The Last Word with…Brian Zimmerman of Cleveland Metroparks
Brian Zimmerman's entry into the field of recreation began with an undergraduate education, having studied agricultural science-soils at the University of Wisconsin-Madison.
"I've had an almost 15-year career in the industry that includes a wide variety of opportunities and experiences, which have helped shape the results we've seen at Cleveland Metroparks," said Zimmerman, who is the CEO of Cleveland Metroparks in Ohio.
Along the way, he never shied away from hard work and never said no to an opportunity.
"This mentality helped broaden my experiences and expertise, allowing me to step into leadership roles during the time I spent working for the Milwaukee County Parks, Recreation and Cultural department," he said.
Some of Zimmerman's past leadership roles include serving as chief of operations for the Milwaukee County Parks, Recreation and Culture department. In this role, Zimmerman managed 156 neighborhood parks and the lakefront, in addition to its golf courses. Prior to that, he managed 16 golf courses operated by the Milwaukee County Parks.
"That was a natural progression in my career after managing golf courses in both Wisconsin and Michigan," he said.
Recently, Zimmerman received the "Professional of the Year" award from the Ohio Parks and Recreation Association (OPRA) for excellence in leadership.
"It is such an honor and it took awhile to sink in. Seeing the list of previous recipients and being included among these esteemed, highly respected industry leaders is very humbling," he said.
"I am honored to lead a team that is passionate about our mission and I've worked to develop a culture that empowers our employees and welcomes innovative ideas. While I appreciate this honor, all that we've accomplished as a National Gold Medal Award winning park district couldn't be possible without the entire team at Cleveland Metroparks. It is because of the hard work and dedication of all staff that we are where we are today," he added.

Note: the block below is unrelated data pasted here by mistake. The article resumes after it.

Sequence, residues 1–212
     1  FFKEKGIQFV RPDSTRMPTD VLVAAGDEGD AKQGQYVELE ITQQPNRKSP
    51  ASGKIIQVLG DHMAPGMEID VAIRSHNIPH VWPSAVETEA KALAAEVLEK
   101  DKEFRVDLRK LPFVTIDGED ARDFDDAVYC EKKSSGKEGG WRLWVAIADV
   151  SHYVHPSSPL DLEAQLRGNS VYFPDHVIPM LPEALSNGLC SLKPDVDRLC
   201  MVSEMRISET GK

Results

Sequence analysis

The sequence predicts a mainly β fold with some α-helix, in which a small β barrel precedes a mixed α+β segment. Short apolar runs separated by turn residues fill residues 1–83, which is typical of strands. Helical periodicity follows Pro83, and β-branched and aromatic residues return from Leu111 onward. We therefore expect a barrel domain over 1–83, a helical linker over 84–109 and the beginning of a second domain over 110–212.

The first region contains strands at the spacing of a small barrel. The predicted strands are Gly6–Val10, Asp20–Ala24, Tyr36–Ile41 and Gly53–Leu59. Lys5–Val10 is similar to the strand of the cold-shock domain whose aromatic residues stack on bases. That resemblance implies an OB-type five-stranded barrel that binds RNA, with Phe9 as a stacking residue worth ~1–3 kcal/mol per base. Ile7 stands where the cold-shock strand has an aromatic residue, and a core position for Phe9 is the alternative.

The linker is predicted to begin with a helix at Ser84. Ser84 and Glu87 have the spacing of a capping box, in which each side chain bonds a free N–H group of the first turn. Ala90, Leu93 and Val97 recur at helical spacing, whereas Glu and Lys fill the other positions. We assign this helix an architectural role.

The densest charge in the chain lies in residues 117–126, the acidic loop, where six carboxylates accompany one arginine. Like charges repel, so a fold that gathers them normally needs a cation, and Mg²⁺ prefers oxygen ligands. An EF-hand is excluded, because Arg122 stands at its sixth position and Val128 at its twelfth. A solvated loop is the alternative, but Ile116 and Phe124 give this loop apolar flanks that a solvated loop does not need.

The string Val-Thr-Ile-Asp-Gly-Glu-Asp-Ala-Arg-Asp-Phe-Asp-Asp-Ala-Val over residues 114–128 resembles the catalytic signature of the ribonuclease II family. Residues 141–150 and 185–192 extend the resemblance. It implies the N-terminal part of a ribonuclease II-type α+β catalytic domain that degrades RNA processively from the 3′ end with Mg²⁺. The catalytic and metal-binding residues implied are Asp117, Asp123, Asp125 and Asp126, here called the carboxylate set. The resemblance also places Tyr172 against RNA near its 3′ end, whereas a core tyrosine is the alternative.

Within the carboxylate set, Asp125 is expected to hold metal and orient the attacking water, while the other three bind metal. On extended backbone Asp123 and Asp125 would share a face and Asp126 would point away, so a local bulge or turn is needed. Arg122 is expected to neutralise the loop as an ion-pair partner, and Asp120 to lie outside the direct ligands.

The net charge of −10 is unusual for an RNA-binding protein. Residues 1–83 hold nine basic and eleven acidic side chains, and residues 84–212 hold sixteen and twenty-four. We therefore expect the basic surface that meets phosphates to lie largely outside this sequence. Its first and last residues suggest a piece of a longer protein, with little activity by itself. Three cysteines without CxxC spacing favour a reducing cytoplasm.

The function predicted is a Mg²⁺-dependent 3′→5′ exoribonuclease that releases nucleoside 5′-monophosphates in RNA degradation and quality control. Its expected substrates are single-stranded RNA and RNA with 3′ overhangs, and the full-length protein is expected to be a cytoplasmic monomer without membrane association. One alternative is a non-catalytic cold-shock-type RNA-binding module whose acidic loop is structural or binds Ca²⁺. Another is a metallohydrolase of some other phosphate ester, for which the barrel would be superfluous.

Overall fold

Zimmerman also said the preservation of land could be one of "the greatest legacies we as a community have to those who come after us.
"That is why I am proud of the work we did to acquire beaches and property along the lakefront and transforming those areas into safe, clean and beautiful attractions for our community," he said. "As we enter our second century of stewardship, I reflect on our founder William Stinchcomb's vision of connecting parks to community and hope I can bolster that legacy."
He said it's time to look toward the next century and to focus inward toward Cleveland's city center and inner suburbs.
"By strategically acquiring nearly 750 acres of urban parks and working with partners to build expanded trail connections, the Park District continues toward fulfilling a goal of bringing park access to densely populated and underserved neighborhoods," he said.
"The next 100 years of growth will enhance the vast connections to communities large and small that generations before have built," he added. "As we make strategic decisions to continue evolving the Emerald Necklace, we want as many homes as possible to be within walking distance to the park district."
When reminiscing about his love for the outdoors, Zimmerman recalls some of his fondest memories being with his grandfather, who got him interested in outdoor recreation.
"I look at the parks and recreation industry, not only as a time and place to make connections with nature, but also with one another," Zimmerman said. "In the same vein, I appreciate that my son is picking up the game of golf, which I have a passion for as well. He enjoys getting up early and going out to play together. In our world, you try to take advantage of it all.
"There are countless hiking and cycling opportunities and more water activities on Cleveland's lakefront. The sky is the limit and I try to stay as active as possible," he said. "One recreation activity that I've been eager to try is stand up paddle boarding, but the classes are always full. I need to register quicker next summer!"
And, when asked what advice he would give to those just beginning their careers in the recreation industry, Zimmerman said: "Don't limit yourself. Become active in organizations in the community and volunteer outside of your comfort zone to expand your breadth of experience. Challenge yourself, put yourself out there and in return you will always keep opportunity knocking."